Standardization, and associated certification to prove compliance to standards, can be both an indispensable assurance of quality for consumers and an unwelcome expense for vendors.
During the Internet’s “wild west” boom phase in the early 1990s, the pace of technological innovation was so fast that there was little time for rigid standardization or certification. Most of the technologies we rely upon today, such as TCP/IP networking, were developed without formal methodologies; internet standards generally consisted of “Request For Comments” (RFC) and “Best Current Practices” (BCP) papers written by the parties with an interest in the emerging technologies.
As the Internet matured and real money began to flow through the network, technologies that were once mere research projects became part of real-world, critical infrastructures essential to business and government. The globalization of business fueled by the Internet meant that it was no longer sufficient to allow organizations to manage their own data processing without oversight.
One of the most important standards documents in today’s information economy is SAS-70, or “the Statement on Auditing Standards, #70”. The standard, originally titled “Reports on the Processing of Transactions by Service Organizations” provides guidance to auditors assessing security controls. The standard was released by the American Institute of Certified Public Accountants (AICPA) in 1992, well before the internet was widely used as an electronic commerce platform.
Information security is now the foremost requirement of most organizations when selecting a data center. In the wake of the Enron scandal in 2001 in which deceptive accounting techniques were used to defraud investors of some $11 billion, public faith in existing accounting standards deteriorated, and there were widespread demands for more comprehensive safeguards to prevent future occurrences. Section 404 of the Sarbanes-Oxley (SOX) act required all publicly traded companies to utilize SAS-70 “type II certified” data centers.
A data center qualifies as a “service organization” if it provides services which impact it’s customer’s financial record-keeping in any way; such services include managed security, data storage and general IT support.
Unlike other important IT security standards, SAS-70 does not describe the actual controls implemented to safeguard the integrity of transaction information; rather it outlines the processes used when conducting audits of these controls. A SAS-70 report contains the opinions of an auditor on how verifiable an organization’s IT security policies are. This means there is technically no way to be “SAS-70 certified”, since there is no control framework mandated. There are two primary types of SAS-70 reports – “type I” covers the controls implemented by an organization; “type II” includes a comprehensive assessment of effectiveness of these controls.
To the managers of a data center, completion of a SAS-70 audit is a way to attract high-end business. To customers, the audit provides assurance that the data center has an audit-able set of information security controls in place to safeguard critical data. SAS-70 does not certify that the controls are implemented and sufficiently secure, only that they are readily verifiable by an auditor.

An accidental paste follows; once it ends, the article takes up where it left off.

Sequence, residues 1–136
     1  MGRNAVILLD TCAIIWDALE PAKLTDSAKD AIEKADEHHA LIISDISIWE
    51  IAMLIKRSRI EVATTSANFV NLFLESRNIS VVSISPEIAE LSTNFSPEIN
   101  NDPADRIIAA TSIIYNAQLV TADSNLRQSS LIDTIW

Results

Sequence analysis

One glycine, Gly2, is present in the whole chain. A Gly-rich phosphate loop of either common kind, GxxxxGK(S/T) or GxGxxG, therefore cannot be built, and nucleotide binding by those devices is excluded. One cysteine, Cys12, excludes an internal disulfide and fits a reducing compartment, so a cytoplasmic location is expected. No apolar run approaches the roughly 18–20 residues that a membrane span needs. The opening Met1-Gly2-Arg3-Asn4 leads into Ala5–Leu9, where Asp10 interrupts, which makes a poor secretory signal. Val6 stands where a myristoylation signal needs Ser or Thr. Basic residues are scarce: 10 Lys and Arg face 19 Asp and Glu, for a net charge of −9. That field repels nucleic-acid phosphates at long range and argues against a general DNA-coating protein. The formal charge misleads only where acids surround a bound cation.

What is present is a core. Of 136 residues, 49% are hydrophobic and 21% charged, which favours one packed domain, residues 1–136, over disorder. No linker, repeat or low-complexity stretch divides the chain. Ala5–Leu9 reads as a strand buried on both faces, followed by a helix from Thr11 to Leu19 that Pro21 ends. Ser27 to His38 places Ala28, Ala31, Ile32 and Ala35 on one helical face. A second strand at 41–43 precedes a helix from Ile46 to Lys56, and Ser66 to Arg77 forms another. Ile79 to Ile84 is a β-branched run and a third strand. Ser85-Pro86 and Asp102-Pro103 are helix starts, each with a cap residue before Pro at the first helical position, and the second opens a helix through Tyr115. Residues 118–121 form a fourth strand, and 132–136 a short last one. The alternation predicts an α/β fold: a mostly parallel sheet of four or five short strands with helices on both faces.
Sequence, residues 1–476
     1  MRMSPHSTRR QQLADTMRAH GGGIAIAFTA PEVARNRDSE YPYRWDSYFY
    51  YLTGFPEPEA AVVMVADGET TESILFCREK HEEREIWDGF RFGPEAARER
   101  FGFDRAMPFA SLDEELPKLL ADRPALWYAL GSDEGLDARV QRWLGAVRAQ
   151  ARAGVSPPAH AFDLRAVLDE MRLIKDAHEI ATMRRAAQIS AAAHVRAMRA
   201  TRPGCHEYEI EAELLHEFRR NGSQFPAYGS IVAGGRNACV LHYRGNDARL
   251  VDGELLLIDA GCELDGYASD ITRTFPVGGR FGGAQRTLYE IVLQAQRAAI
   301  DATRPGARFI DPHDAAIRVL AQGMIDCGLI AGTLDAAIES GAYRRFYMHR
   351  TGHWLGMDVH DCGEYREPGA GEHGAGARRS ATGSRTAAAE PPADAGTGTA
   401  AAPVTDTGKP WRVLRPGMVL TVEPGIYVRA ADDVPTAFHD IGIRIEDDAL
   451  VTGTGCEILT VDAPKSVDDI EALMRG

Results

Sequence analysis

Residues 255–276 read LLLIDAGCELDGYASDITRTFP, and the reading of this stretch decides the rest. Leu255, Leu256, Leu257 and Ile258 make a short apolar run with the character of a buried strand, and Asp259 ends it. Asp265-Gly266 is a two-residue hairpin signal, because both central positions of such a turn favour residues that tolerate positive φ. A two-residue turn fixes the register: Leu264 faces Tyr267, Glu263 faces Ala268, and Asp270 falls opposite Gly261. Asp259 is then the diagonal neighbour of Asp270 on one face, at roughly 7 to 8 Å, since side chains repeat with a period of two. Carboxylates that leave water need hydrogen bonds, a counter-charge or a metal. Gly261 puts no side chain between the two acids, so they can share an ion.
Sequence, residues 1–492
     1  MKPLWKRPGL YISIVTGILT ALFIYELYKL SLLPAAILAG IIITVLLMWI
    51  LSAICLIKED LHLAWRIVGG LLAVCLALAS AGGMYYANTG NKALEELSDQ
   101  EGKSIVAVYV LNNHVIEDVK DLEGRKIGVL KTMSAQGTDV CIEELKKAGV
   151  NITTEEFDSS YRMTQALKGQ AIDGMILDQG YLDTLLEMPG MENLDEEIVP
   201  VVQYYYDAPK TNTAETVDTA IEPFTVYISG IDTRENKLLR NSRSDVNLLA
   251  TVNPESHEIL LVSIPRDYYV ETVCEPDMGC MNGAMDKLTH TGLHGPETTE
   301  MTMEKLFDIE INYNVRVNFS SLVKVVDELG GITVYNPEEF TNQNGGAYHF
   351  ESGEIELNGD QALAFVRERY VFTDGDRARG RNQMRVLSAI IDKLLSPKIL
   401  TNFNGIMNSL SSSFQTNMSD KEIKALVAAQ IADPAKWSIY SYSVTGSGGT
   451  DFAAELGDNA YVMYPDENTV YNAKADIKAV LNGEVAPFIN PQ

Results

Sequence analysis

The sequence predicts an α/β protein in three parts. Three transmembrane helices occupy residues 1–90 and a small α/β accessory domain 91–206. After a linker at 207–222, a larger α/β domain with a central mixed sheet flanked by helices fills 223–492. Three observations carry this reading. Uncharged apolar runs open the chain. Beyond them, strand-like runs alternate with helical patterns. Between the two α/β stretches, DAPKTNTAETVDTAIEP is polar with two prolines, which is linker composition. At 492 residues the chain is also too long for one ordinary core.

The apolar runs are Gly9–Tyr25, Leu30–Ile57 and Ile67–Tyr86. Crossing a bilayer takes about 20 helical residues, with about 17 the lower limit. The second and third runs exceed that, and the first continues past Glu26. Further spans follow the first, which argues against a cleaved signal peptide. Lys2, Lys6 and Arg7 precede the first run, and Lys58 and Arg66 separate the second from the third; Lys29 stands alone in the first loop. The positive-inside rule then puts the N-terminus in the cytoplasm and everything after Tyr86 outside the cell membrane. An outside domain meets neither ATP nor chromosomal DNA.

To achieve a satisfactory SAS-70 report, data center managers must identify which information security standards are relevant, implement the controls mandated by those standards, and finally ensure that proof of standards compliance is readily available to auditors. Compliance is more than a business requirement to a data center; it is a vital part of the value delivered to customers. Products and services that are certified to comply with security standards justify higher pricing, and security auditing solutions offer very high profit margins. Pricing for high-end data centers offering SAS-70 compliance can be much higher than the market average.
It is important to ensure that internal auditing processes are in place to verify compliance with an organization’s adopted standards; this reduces the cost of third-party services and helps to ensure that the organization realizes long-term benefits from information security investments.
The main information security standards relevant to the data center are :
Control Objectives for Information Technology (COBIT)
Information Technology Infrastructure Library (ITIL)
Payment Card Industry Data Security Standard (PCI DSS)
IPEDA (Personal Information Protection and Electronics Document Act)
ISO 15443 : Framework for IT Security Assurance
ISO 20000 : Information Security : Service Management
ISO 27002 : Code of Practice for Information Security Management
FIPS : National Institute of Standards and Technology Federal Information Processing Standards (NIST FIPS)
Committee of Sponsoring Organizations of the Treadway Commission framework (COSO)
The primary areas covered by these standards are :
policy : leadership, training and governance
confidentiality : protection of critical data from unauthorized disclosure via physical and virtual access controls
service management : IT operations, support and incident reponse
integrity : change management processes
continuity / availability : high-availability systems, backup/restore and disaster recovery
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